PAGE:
About Hearing Loss
Types of Hearing Loss
The degree of hearing loss a person has is measured by testing the sensitivity to a sampling of the frequencies that occur in and make up all the sounds of human speech. Hearing loss may be described as being mild, moderate, moderately-severe, severe or even profound depending on the level of intensity necessary for the person to hear the frequencies tested throughout the speech listening range.
The level of the softest sound a person is able to hear at any particular speech frequency would be described as the threshold for hearing at that frequency. This threshold level of sound is expressed in decibels (dB). The softer sounds such as 0 dB are softer than a whisper and with 120 dB as loud as a jet engine .Normal hearing thresholds for adults are considered to be 0 to 20 dB. If a person can hear all the sounds on the hearing test at between 0 and 20 decibels of intensity hearing is considered to be within normal hearing limits.
Conductive Hearing Loss
Conductive hearing loss occurs when there is difficulty with sound getting to the inner ear. The problem may lie with the outer (pinna and ear canal) or middle ear (eardrum and ossicles) whose job it is to amplify external sounds going into the inner ear.
Some causes of conductive hearing loss can include outer or middle ear infections, complete earwax blockage, deterioration of the middle ear bones (ossicles), fixation of the ossicles (otosclerosis), a hole in the tympanic membrane, or absence of the outer ear or middle ear structures.
Conductive hearing losses may be temporary or permanent, depending on the source of the problem. Medical management can correct some cases of conductive hearing loss, while amplification may be a recommended treatment option in more long-standing or permanent cases.
Individuals with conductive hearing loss may report that sounds are muffled or quiet. Generally, when sounds are made louder, these individuals can hear well again.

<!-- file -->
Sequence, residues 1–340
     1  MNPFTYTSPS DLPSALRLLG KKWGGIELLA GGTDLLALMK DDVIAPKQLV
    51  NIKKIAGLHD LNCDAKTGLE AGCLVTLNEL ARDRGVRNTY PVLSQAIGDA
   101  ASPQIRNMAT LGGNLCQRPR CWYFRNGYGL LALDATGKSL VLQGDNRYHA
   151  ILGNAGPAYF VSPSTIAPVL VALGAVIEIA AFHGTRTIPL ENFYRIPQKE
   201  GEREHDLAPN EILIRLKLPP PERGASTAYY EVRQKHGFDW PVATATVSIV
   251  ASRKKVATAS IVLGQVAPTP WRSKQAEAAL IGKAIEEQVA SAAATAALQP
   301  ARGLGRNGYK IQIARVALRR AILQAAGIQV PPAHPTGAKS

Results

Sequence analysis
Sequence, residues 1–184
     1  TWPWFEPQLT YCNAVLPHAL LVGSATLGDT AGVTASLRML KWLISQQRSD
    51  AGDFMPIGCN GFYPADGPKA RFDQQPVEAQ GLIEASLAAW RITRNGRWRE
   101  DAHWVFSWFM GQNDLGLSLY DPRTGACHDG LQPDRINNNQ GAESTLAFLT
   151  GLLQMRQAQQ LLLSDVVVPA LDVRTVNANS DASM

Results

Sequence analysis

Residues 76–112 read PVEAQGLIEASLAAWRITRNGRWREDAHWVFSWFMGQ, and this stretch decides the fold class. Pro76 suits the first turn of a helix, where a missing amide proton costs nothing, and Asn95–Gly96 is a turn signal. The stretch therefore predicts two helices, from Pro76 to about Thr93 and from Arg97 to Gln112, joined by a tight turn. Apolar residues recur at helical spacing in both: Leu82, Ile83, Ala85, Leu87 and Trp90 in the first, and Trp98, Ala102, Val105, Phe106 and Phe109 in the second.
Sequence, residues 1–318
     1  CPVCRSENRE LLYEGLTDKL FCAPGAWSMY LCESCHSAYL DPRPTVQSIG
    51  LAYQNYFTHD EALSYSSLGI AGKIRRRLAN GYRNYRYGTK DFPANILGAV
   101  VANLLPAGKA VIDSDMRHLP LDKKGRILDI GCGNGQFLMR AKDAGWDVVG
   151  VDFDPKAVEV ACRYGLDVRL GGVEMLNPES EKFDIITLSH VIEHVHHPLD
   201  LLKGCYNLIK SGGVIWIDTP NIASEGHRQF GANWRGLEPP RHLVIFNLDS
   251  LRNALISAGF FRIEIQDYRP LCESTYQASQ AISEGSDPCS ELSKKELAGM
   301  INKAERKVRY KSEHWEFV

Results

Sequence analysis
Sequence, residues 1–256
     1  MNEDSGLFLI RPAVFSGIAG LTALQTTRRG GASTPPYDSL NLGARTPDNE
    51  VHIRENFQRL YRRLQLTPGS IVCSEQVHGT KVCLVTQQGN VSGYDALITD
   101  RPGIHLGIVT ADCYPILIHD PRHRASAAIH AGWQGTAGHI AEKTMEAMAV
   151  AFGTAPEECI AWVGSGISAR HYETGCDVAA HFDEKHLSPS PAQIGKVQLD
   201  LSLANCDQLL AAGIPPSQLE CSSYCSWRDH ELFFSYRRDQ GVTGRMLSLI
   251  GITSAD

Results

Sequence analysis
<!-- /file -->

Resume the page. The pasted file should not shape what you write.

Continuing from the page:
Sensorineural Hearing Loss
Sensorineural (sen-sory-nuhral) hearing loss occurs when there is a problem with the sensory receptors of the hearing system, specifically in the cochlea of the inner ear. The majority of sensorineural hearing loss occurs as a result of an abnormality or damage to the hair cells in the cochlea. This abnormality prevents sound from being transmitted to the brain normally, resulting in a hearing loss.
The hair cells may have been abnormal since birth (congenital), damaged as a result of genetics, infection, drugs, trauma or over-exposure to noise (late-onset or acquired), or damaged as a result of the aging process, a kind of hearing loss known as presbycusis (pres-be-cue-sis).
Sensorineural hearing losses are generally permanent and may stay stable or worsen over time. Routine hearing tests are needed to monitor the level of hearing loss. Amplification, including hearing aids or cochlear implants in the most severe cases, is a common treatment recommendation.
Individuals with sensorineural hearing loss may report muffled speech, ringing in the ears (tinnitus), difficulty hearing in background noise or that others do not speak clearly.
Mixed Hearing Loss
Mixed hearing loss occurs when a person has an existing sensorineural hearing loss in combination with a conductive hearing loss. It is, very literally, a mix of sensorineural and conductive hearing losses. This means there is a problem in the inner ear as well as in the outer or middle ear. The conductive hearing loss may be temporary or permanent, depending on the source of the problem.
Mixed hearing loss can sometimes be treated with medical management, and hearing aids are a common treatment recommendation.
Neural Hearing Loss
Neural hearing loss occurs when the auditory nerve that carries impulses from the cochlea to the brain is missing or abnormal. It is difficult to determine the exact location of neural hearing loss. Some causes of neural hearing loss include genetics, acoustic tumors, in-utero exposure to certain infections, severe jaundice in infancy and low birth weight associated with premature birth.
Amplification may be recommended in some cases of neural hearing loss depending on the severity of the damage to the hearing nerve.
Individuals with neural hearing loss often have difficulty understanding speech, even when it is loud enough, as well as in background noise.